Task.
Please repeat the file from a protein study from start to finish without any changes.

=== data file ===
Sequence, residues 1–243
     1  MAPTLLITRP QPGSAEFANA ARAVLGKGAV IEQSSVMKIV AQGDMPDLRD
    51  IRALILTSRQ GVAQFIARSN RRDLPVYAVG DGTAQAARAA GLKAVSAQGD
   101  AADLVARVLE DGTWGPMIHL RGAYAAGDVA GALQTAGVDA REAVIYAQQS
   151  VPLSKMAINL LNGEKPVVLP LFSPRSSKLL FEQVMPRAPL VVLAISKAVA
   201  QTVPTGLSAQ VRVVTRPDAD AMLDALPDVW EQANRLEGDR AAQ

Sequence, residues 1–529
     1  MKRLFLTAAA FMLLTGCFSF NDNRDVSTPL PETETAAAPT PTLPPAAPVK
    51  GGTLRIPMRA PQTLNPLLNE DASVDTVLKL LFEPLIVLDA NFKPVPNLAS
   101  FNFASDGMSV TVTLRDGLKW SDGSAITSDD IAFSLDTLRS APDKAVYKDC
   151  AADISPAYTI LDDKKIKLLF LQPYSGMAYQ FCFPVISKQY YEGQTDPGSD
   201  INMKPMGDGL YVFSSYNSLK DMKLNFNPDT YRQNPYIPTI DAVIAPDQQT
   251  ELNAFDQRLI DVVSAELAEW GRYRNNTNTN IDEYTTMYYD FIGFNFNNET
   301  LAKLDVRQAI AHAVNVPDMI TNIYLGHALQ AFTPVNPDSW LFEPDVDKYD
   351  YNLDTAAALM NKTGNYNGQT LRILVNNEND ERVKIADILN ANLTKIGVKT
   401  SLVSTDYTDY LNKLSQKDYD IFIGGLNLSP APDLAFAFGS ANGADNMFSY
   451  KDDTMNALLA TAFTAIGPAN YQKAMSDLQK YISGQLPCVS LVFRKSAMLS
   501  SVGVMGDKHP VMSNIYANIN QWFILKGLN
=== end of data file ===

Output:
Sequence, residues 1–243
     1  MAPTLLITRP QPGSAEFANA ARAVLGKGAV IEQSSVMKIV AQGDMPDLRD
    51  IRALILTSRQ GVAQFIARSN RRDLPVYAVG DGTAQAARAA GLKAVSAQGD
   101  AADLVARVLE DGTWGPMIHL RGAYAAGDVA GALQTAGVDA REAVIYAQQS
   151  VPLSKMAINL LNGEKPVVLP LFSPRSSKLL FEQVMPRAPL VVLAISKAVA
   201  QTVPTGLSAQ VRVVTRPDAD AMLDALPDVW EQANRLEGDR AAQ

Sequence, residues 1–529
     1  MKRLFLTAAA FMLLTGCFSF NDNRDVSTPL PETETAAAPT PTLPPAAPVK
    51  GGTLRIPMRA PQTLNPLLNE DASVDTVLKL LFEPLIVLDA NFKPVPNLAS
   101  FNFASDGMSV TVTLRDGLKW SDGSAITSDD IAFSLDTLRS APDKAVYKDC
   151  AADISPAYTI LDDKKIKLLF LQPYSGMAYQ FCFPVISKQY YEGQTDPGSD
   201  INMKPMGDGL YVFSSYNSLK DMKLNFNPDT YRQNPYIPTI DAVIAPDQQT
   251  ELNAFDQRLI DVVSAELAEW GRYRNNTNTN IDEYTTMYYD FIGFNFNNET
   301  LAKLDVRQAI AHAVNVPDMI TNIYLGHALQ AFTPVNPDSW LFEPDVDKYD
   351  YNLDTAAALM NKTGNYNGQT LRILVNNEND ERVKIADILN ANLTKIGVKT
   401  SLVSTDYTDY LNKLSQKDYD IFIGGLNLSP APDLAFAFGS ANGADNMFSY
   451  KDDTMNALLA TAFTAIGPAN YQKAMSDLQK YISGQLPCVS LVFRKSAMLS
   501  SVGVMGDKHP VMSNIYANIN QWFILKGLN